It is not uncommon for British shows to be remade in America and vice versa. For every Brit TV show remake failure like Coupling or Free Agents we also get unforgettable ones like The Office and Sanford and Son (raise of hands if you knew it was a remake).
The problem with remakes are, most are not well executed. Sometimes the show doesn’t translate well to the American palate or the actors can’t recapture the chemistry found in the original.
In the fall of 2013, BBC announced it was airing a series called Broadchurch. The show centers around a quiet, close knit coastal village turned upside down after a local boy is found murdered. Broadchurch was cast perfectly, with David Tennant and Olivia Colman as unwilling police partners in the well written whodunit. It also gave us standout performances from Jodie Whittaker as the grieving mother, David Bradley as the crusty local man and Arthur Darvill as the town reverend.
Tennant and Darvill are known best by american audiences for their connection to the British TV show Doctor Who. The show was so well received by viewers, the production company decided to “greenlight” a second season. Shortly after the last episode aired on BBC America the Fox Broadcasting Network announced they would produce a remake of Broadchurch. Fox surprised everyone with the announcement of David Tennant reprising his role for the American version called Gracepoint.
With Fox supporting Tennant, he could replicate the success Brit actor Hugh Laurie experienced with the Fox TV show House. The network is bringing in award winning actors Anna Gunn (Breaking Bad), Nick Nolte (Warrior) and Michael Pena (Crash). There is no denying Fox is fully invested in making Gracepoint a success.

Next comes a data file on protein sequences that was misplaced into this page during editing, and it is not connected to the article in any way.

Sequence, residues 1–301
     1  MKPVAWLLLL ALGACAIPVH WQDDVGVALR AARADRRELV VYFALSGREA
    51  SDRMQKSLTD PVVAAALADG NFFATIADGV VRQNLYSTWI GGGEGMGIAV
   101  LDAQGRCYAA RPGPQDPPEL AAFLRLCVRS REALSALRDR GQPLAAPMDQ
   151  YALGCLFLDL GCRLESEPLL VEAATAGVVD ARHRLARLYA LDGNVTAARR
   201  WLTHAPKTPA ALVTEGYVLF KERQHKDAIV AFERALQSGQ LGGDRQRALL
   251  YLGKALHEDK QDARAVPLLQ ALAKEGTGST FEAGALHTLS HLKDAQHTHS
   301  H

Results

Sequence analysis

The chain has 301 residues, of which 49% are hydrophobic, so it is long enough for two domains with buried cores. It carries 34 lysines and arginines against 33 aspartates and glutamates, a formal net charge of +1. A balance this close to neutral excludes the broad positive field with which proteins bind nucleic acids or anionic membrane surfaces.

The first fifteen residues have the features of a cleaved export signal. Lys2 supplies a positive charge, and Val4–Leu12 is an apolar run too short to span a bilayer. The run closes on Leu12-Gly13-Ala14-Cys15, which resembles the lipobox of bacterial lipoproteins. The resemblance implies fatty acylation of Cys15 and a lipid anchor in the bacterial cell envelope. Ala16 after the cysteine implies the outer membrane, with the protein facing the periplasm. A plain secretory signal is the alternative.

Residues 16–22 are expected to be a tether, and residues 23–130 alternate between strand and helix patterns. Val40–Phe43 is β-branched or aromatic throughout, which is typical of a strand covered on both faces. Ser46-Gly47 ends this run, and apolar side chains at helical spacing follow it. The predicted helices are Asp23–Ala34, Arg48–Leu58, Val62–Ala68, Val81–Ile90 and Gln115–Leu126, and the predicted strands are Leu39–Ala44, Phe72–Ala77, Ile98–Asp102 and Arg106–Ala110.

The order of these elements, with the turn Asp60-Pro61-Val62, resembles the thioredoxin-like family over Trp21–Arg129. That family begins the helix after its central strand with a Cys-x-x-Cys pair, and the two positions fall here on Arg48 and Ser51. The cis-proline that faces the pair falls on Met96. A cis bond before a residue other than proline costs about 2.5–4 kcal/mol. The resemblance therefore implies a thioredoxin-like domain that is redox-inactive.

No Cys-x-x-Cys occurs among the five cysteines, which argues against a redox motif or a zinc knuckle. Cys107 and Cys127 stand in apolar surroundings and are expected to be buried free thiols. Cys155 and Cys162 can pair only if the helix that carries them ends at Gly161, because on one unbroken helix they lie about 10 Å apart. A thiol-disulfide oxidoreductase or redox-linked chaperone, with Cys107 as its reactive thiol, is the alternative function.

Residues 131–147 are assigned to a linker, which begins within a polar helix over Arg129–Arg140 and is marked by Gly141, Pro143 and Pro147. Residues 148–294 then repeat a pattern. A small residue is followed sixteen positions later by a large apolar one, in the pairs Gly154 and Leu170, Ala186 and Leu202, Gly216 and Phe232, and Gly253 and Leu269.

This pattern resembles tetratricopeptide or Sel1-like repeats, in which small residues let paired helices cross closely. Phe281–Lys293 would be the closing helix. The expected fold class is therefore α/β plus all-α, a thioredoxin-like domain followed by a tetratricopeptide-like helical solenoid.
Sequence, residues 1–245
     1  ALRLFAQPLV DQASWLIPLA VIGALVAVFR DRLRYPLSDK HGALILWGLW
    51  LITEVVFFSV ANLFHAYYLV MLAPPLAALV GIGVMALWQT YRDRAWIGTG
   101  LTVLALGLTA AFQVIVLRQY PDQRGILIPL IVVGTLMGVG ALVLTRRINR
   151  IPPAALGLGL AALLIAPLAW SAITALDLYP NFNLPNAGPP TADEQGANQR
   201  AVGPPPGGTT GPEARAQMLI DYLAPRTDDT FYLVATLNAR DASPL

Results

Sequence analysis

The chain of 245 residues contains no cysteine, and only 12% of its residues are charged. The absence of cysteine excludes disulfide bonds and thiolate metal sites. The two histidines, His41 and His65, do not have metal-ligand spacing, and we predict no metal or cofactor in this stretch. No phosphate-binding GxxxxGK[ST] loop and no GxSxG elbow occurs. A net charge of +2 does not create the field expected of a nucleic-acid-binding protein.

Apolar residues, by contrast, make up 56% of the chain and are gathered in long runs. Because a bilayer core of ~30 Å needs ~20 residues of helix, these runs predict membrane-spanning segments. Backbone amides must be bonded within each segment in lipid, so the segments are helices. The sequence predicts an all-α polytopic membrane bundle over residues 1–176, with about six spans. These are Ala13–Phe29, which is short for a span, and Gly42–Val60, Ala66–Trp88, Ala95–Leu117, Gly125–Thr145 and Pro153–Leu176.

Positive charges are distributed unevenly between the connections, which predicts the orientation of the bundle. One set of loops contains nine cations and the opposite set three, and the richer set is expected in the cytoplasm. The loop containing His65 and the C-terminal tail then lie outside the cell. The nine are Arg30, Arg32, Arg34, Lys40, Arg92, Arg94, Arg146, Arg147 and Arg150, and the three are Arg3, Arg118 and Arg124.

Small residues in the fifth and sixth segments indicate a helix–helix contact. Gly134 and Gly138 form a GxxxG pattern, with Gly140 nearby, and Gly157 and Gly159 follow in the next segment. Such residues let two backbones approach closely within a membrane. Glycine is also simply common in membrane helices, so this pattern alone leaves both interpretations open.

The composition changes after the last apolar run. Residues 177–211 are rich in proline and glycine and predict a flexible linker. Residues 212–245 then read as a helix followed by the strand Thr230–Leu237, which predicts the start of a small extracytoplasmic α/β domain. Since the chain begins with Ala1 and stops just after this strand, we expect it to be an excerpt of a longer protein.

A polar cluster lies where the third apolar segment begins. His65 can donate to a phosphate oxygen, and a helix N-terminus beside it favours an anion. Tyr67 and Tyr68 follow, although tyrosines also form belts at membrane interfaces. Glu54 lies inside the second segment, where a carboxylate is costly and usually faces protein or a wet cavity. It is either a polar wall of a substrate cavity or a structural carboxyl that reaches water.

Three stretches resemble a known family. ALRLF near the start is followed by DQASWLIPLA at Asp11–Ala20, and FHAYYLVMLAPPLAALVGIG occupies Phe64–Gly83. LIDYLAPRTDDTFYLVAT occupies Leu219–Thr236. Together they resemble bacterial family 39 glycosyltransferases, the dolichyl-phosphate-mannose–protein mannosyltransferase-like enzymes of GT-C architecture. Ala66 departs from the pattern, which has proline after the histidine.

Recently during the semi annual Television Critics Association (TCA) press tour for Gracepoint members of the producing team were on-hand to answer questions. Producers were confident that Americans had not seen Broadchurch and given the chance Gracepoint can stand alone.
Executive Producer Carolyn Bernstein said “We think those people who do overlap will be really into it and really enjoy the show.” She also confirmed the first few episodes would be an exact replica from the UK version but states “as the series progresses, it really diverges in pretty big large ways from the original.” Gracepoint Executive Producer, Dan Futterman, complained his mother watched Broadchurch and could not decipher what the actors were saying. He also went on to say he thought it was a “common experience.”
Carolyn Bernstein is right about not many Americans having not watched Broadchurch, but I take great exception to the comments from EP Dan Futterman. If his mother was having such a hard time understanding what the actors were saying he should have introduced her to the close caption feature on her TV. It’s not like the Broadchurch actors were speaking English or anything.
The fact he thinks this is a common problem Americans have with British TV shows is appalling. If that were true then shows like Doctor Who or Downton Abby should not be as popular in America. I don’t think he gives Americans the benefit of the doubt, that we are much more cultured than in previous generations.
Great writing is great writing in any language. What is not clear is how much of the great writing from the original show has been oversimplified for American audiences. While I am pessimistic in Gracepoint’s success, I will still watch the show. It’s more out of curiosity of Tennant’s American accent than the actual show.
I hope I am wrong about Gracepoint for David Tennant’s benefit. I think American audiences would fall in love with Tennant…for some of us it would be a second time. If you don’t want to wait for Gracepoint to air on Fox you can watch Broadchurch. You can thank me later.
Are you going to watch Gracepoint? Let me know in the comments below.
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